Flooring Trend 2017: Terracotta Tiles – Terracotta is baked clay. The craft of terracotta involves using clay to prepare reddish brown unglazed earthenware firing it through a very high temperature. The reddish brown color is basically because of the presence of iron. Other colors include yellow, grey and pink. Tiles of this natural material provide a natural look that is unsurpassed in beauty. Moreover, no two tiles are unique. Hence, if you use terracotta tiles, you can be sure of giving a unique look to your house.
Spain, Portugal, France, Italy and Mexico are the main countries of origin for most of the terracotta flooring available today and they supply tiles of numerous colors, shapes, thicknesses and quality. The presence of terracotta tiles gives an earthy and countryside look, and adds simplicity with elegance to the interiors, used wheresoever. Terracotta tiles can be used in the foyer, living room, family room, terrace, balcony, corridors…… actually, any place where you want the earthy feeling, the feeling of the five basic elements of life. Terracotta tiles can be used as paintings or wall hangings. A terracotta tile mounted to a simple creamy background, focused with good yellow lighting can create magical effect.
Essentially there are two basic types of tile, hand-made and machine-made, both giving quite different finishes to the floor.
Handmade terracotta tiles are typically more rustic in their appearance and they display much more texture in their finish – some may even have paw prints or birds feet marks in them, where they have been walked on whilst drying outdoors. Handmade tiles are exceptionally good at disguising dirt as their finish is so variegated and they very much lend themselves to installation in a rustic environment such as a barn conversion etc.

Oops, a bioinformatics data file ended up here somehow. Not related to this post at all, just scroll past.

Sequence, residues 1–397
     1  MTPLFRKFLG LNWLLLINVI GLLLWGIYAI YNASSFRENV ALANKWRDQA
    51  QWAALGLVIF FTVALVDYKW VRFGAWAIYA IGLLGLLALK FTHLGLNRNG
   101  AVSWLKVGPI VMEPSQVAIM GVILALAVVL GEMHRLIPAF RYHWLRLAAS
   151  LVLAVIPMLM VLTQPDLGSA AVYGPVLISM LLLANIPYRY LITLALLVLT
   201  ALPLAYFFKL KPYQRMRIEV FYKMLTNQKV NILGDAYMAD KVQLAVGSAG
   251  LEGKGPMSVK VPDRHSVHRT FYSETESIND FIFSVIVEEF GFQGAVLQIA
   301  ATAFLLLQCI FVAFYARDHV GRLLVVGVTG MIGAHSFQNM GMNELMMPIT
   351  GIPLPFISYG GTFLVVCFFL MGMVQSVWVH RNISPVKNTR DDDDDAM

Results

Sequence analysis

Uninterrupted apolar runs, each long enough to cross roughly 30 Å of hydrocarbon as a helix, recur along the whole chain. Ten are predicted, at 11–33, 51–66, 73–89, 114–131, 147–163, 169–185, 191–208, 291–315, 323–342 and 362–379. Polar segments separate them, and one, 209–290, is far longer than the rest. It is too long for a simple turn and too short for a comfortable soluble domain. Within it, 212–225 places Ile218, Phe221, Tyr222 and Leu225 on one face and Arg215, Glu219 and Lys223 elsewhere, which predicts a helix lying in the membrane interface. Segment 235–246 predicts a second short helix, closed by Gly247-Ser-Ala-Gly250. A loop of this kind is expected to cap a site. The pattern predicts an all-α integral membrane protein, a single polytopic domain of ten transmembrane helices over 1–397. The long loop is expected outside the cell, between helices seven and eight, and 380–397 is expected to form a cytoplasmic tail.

Very often, handmade products are made in a more basic way and kiln temperatures are not as controlled as some machine made products. Some kilns for instance, are fired by wood and often a brisk wind will draw the kiln flu, creating a fluctuation in temperature within the kiln, which causes uneven firing. A consequence of this is that tiles can be produced that have dramatic color variation within themselves and from tile to tile and also salt-pitting – small pockets of mineral salts that erupt from the surface of the tile ranging in size from a pea up to a golf ball in diameter. Small fissures and cracks in the surface of these tiles is also quite common.
Some handmade terracotta tiles are thrown in a mould that rests on sand, the wet clay is trimmed to size and the tile is pushed out of its mould ready for drying and ultimately firing – one of the accidental benefits of this technique is that one side of the tile is sand-textured and the tiles can be laid “upside down” to create a more rustic effect during installation if preferred by the client.
Machine made terracotta is a much less labor intensive process as much of the work blending and cutting the clay is done by machine – this does give a degree of uniformity to these types and the firing process is usually in electric kilns with a close regulation of temperature that produces a much more uniform and blemish-free product. Be aware that even machine made tiles can still have minor flaws such as bowing and minor salt pitting but these really are a characteristic of the material and should be seen as positives rather than negatives.
You need to take a look at your lifestyle before selecting any type of flooring. If you are the sort of person who wants (or needs) to be scrubbing or mopping floors everyday – then avoid terracotta – you are far better with a product such as ceramic.
If you are happy to live with a little dirt, then terracotta might be the right choice. The floor should not look pristine and many clays, particularly handmade ones actually benefit from dirt and neglect. The type of room that is being tiled will also have an influence on your choice – your room décor may not lend itself to the rusticity of some clays but may be better suited to a machine made product.